Sometimes the answer to your media question is hiding in plain sight. Well the campaigns that follow have moved beyond the traditional versus digital/social media debate and used an ubiquitous yet unexpected object to carry their brand message.
And once people's attention had been grabbed, they used some more familiar media to drive their business goals.
New Museum: Recalling 1993
Medium: Pay phones
New York's contemporary arts museum needed to find a way to promote its show of art made or displayed in 1993. The campaign transported people back to 1993: by picking up a pay phone and calling a free number users could listen to a site-specific story, as told by New Yorkers. The campaign was widely featured by media outlets (over 210 million earned media impressions) and created a spike in attendance.
Cole Haan: #dontgohome
Medium: Shop shutters
Cole Haan wanted to reposition it's footwear brand from classic/comfortable to a bit more 'cool' to attract a younger age group. To capture the attention of night-time revellers, a 'you can sleep when you're dead' message in glow in the dark paint was placed on shop shutters close to selected night-life spots. The party feel was supported by impromptu Drag Queen shows and food trucks, with the whole thing generating social media engagement, in-store traffic and, most importantly, sales.
Lifebuoy: The unlikely reminder
Medium: Roti (bread)
Lifebuoy – Unilever's soap product – had a different problem: how to promote handwashing to 'media dark' rural Indian consumers. The big opportunity of the huge Kumbh Mela festival had not escaped other marketers and Lifebuoy needed to cut through the noise. A reminder to wash hands before eating was stamped on roti (an Indian bread eaten with every meal) – more than 2.5 million of them. The logistical nightmare paid off as over 5 million people were reached, a 4 point increase in brand awareness gained and market share improved.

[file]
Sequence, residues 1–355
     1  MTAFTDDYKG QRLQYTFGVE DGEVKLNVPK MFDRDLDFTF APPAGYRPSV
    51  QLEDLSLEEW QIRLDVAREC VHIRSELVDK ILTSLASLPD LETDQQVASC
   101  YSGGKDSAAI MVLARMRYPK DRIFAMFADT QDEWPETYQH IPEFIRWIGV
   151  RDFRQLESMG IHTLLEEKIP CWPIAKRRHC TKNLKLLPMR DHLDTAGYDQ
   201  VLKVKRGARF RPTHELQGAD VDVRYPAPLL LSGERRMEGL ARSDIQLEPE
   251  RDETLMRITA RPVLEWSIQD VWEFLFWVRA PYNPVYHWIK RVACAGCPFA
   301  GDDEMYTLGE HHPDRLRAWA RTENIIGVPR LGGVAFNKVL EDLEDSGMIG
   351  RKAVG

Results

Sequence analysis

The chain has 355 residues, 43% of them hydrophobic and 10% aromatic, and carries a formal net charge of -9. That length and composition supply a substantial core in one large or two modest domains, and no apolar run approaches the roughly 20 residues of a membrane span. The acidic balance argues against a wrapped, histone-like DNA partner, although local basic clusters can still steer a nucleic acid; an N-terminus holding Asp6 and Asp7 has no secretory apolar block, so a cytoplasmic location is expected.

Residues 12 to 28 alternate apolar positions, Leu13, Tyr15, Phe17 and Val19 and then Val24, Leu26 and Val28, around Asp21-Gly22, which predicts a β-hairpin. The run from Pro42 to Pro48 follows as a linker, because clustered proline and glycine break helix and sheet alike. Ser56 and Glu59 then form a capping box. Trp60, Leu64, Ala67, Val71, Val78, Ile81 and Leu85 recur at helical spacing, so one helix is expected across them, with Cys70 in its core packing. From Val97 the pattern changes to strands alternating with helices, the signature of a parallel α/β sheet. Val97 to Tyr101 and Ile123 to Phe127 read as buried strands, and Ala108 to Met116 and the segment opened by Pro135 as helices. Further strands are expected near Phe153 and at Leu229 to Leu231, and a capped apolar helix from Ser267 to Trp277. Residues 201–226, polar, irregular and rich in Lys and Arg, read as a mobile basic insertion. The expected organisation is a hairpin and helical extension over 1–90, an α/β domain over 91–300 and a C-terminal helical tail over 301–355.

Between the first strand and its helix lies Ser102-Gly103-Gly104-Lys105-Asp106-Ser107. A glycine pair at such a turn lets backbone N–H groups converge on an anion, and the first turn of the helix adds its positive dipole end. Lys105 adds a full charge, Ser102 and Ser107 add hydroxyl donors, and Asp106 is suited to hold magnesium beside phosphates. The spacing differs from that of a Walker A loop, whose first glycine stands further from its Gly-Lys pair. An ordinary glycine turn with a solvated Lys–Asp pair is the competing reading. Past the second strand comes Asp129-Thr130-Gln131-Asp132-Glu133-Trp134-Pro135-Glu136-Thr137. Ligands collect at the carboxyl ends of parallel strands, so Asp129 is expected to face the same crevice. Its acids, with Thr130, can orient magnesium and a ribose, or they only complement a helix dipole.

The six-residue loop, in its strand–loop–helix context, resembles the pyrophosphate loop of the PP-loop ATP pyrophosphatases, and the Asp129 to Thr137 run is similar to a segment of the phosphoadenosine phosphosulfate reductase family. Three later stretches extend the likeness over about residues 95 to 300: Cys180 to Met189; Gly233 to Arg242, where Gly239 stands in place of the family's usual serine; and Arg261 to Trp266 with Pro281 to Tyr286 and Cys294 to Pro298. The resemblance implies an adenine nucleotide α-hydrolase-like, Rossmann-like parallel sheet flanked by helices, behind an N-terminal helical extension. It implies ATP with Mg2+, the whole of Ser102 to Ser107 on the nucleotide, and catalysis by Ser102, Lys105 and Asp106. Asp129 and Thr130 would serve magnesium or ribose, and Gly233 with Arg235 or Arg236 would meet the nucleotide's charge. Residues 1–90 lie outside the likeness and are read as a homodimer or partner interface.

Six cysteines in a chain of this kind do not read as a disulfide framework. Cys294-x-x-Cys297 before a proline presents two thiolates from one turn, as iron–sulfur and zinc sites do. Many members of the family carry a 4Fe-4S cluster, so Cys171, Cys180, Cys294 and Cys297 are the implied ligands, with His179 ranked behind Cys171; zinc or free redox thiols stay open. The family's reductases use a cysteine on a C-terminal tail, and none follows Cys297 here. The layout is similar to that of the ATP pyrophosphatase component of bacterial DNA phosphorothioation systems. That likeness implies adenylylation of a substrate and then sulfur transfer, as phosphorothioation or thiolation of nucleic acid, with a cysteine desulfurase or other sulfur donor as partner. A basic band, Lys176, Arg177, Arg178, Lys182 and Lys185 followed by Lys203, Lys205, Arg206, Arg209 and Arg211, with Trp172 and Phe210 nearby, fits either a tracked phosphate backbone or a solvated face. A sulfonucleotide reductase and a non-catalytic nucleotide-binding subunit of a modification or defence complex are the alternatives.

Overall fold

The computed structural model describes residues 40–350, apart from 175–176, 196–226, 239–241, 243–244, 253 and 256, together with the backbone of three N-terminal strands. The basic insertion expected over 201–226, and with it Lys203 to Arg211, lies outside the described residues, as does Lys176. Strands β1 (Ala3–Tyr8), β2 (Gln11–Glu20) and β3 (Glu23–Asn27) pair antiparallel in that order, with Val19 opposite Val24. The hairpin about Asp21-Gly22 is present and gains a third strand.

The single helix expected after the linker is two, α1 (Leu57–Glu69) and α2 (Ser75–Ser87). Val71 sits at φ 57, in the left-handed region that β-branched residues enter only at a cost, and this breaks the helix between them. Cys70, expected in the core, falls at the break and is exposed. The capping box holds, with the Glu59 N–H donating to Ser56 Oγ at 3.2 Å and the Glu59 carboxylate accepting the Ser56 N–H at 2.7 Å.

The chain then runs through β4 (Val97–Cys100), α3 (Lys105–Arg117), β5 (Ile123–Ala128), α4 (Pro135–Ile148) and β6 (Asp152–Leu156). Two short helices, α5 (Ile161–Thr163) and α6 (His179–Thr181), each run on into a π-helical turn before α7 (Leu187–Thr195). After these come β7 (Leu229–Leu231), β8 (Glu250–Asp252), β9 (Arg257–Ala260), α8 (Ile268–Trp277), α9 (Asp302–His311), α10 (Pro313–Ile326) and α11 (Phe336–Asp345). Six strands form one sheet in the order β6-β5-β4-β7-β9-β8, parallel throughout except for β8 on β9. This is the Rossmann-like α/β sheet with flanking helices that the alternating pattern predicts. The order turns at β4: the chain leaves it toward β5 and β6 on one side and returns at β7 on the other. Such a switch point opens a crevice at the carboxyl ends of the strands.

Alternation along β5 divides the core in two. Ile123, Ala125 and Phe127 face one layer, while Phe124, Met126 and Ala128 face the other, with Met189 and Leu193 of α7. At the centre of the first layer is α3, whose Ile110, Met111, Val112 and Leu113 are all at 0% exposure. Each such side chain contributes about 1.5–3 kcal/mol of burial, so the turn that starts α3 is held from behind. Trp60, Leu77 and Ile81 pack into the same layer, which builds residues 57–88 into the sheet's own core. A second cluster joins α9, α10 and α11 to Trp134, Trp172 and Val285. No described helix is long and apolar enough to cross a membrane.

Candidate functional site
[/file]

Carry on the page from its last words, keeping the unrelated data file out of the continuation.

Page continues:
Depaul: Don't raise money, make money
Medium: Cardboard boxes
Homelessness charity Depaul UK needed a stable income stream following a decline in donations during the recession. It decided to sell moving boxes, serving a dual purpose: making money and spreading the charity's message. Images and stories explaining the impact of buying Depaul boxes on homelessness grew interest in the charity and this ethical purchase.
Corona Extra: How the moon helped Corona find its beach in NYC
Medium: The moon
Corona wanted to increase consumption occasions in New York with a nighttime positioning, using an interactive billboard. Not so innovative, until celestial mapping incorporated the actual moon into the ad.
Hellman's was the market leading mayonnaise in Brazil, but needed to increase purchase frequency for this rarely used product. The brand already had a recipe database intended for a different (under-performing) campaign, so re-purposed this by printing recipes on shoppers' receipts based on their purchases. By showing people how they could use Hellman's in new ways, sales increased 44% in stores where the campaign ran.